The need for reprogrammable external memory has always existed and this hasn't changed with modern day computing. In years past, Parallel EEPROM used to be the non-volatile external storage solution of choice - primarily used to store boot code, program code, configuration and data storage. SRAM was used as an external storage solution to store working memory. This combination of EEPROM and SRAM was based on shared-bus architecture.
System improvements drove memory densities higher and since EEPROM (using a 2T cell) and SRAM (using a 6T cell) were expensive, the system costs went up. Then, along came the Flash technology offering lower costs (using 1T cell), and DRAM (using 1T, 1 Cap) replaced SRAM as a low cost, high density alternative solution to store the working memory.
Moving away from shared-bus architecture, independent buses (parallel interface) took hold to improve performance. This dramatically increased MCU pin counts. Over time, as memory speeds increased, the parallel interface transitioned into serial interface (low pin count).
With time, the Non-volatile data storage requirements increased and Serial NOR flash was released to address this need. Three NOR flash architectures were introduced over time:
- Page Erase - allows small erase granularity (256 bytes), incorporates Page Buffers to allow single byte reprogram, providing further flexibility.
- Sector Erase - the memory array is divided into 64KB sectors. With the need to erase an entire block before a program operation, this solution was suitable for bulk code storage but not for data storage.
- Block Erase – the 4KB blocks can be individually erased; this is good enough for many applications in terms of data storage and also provides flexibility in code storage.
In 1999, applications were designed with Serial NOR flash as a single solution to store code and data. These devices were used for code shadowing as they were not fast enough for in-place code execution. As applications increased in complexity and performance, so did the need for a faster flash. Boot times needed to be quicker and the need for more throughput from the Serial NOR flash increased. Serial NOR solutions evolved from Single I/O to Dual I/O and Quad I/O. XiP (Execute in Place) mode was introduced to reduce random read latency.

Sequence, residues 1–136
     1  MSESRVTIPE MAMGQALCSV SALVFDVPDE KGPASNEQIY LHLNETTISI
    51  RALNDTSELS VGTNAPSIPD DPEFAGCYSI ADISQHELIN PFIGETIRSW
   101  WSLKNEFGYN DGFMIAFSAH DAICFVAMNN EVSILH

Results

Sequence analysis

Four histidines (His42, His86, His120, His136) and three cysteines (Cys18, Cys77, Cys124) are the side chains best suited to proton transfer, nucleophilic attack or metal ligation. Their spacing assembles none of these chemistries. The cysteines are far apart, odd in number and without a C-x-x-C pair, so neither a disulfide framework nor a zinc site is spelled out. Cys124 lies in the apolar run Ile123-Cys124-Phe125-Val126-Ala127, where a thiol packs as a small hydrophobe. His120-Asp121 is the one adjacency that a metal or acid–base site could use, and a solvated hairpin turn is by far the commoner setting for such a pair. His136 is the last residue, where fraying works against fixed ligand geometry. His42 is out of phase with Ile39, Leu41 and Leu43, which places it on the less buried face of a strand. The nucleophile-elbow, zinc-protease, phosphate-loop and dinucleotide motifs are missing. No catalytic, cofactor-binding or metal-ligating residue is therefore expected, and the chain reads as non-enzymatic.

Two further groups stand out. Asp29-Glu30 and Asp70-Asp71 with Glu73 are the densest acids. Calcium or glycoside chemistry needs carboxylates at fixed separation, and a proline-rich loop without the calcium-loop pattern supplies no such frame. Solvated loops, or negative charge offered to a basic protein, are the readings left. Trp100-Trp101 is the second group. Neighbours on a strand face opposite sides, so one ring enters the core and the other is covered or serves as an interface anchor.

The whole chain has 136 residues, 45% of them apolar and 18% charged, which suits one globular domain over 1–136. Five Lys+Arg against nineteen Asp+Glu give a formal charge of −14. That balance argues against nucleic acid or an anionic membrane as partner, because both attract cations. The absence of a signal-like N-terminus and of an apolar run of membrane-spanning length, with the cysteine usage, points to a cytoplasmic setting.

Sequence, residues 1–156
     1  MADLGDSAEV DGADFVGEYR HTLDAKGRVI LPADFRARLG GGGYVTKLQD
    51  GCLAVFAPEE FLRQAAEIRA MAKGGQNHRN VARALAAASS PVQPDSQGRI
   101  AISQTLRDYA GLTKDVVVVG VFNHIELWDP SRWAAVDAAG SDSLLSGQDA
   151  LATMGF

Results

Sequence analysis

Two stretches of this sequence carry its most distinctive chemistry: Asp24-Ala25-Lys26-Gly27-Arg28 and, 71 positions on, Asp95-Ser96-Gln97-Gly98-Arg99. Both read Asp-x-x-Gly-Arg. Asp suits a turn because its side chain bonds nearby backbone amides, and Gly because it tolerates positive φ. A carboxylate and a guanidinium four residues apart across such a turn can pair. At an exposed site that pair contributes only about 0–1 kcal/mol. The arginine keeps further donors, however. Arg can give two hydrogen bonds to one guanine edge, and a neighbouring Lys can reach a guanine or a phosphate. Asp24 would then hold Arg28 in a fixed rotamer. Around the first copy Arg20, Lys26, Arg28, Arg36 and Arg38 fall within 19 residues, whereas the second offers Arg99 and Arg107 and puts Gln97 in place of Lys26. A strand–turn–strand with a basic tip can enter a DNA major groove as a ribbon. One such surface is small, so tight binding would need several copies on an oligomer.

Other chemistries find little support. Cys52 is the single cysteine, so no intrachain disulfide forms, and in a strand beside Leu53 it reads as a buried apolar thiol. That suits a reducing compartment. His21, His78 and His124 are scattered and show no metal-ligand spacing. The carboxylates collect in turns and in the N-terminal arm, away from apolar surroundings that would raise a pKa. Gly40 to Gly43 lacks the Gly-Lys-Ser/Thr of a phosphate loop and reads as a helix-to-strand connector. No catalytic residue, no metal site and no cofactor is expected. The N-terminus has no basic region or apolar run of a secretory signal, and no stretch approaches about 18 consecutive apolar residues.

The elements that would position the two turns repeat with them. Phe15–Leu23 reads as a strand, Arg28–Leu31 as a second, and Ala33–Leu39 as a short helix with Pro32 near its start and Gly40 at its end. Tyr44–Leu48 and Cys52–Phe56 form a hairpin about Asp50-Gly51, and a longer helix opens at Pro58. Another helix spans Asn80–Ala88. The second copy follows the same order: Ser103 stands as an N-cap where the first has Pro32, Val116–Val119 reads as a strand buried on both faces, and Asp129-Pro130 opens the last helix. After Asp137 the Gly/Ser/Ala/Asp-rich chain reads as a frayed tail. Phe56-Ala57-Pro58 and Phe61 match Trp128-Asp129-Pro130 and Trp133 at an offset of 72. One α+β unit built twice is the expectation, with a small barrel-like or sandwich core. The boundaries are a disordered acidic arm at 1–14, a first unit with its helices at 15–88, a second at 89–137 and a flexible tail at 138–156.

While Parallel NOR flash did offer higher bandwidth and faster access times, it was at the cost of more pins and larger board footprints. Twin Quad Serial I/O devices evolved to better match the Parallel NOR performance at a smaller foot print and lower pin counts. This is important as the devices today are designed to be smaller and faster.
Micron's latest Octal NOR offering - Xccela™ Flash surpasses all NOR flash devices by offering significantly higher bandwidth (400MB/s), lower Initial word access (85.5ns, 16-bit) and Subsequent word access (2.5ns, 16-bit) times.
The below graph summarizes the Serial NOR flash evolution:
Xccela Flash, is the next generation of Serial NOR with only 9-10 active interface pins offers an octal SPI interface running at clock speeds of 200MHz, supporting up to 400MB/s read throughput, 4KB block erase, advanced sector and block protection.
In conclusion, the Serial NOR flash makes it easy to design a wide variety of applications as it provides choices (architecture and I/O widths):
- 256-byte Page Erase is ideal for data logs, frequently modified configuration data etc. and can also be used for code shadowing
- 64KB Sector Erase is ideal for bulk code shadowing
- 4KB Block Erase is good for small data storage, code shadowing and direct XiP solutions
For more information on this topic check out our recent Serial NOR flash webinar.
Sundar Ranganathan is a Sr. Product Marketing Manager at Micron Technology, Inc. He helps with the memory business in Japan and America regions.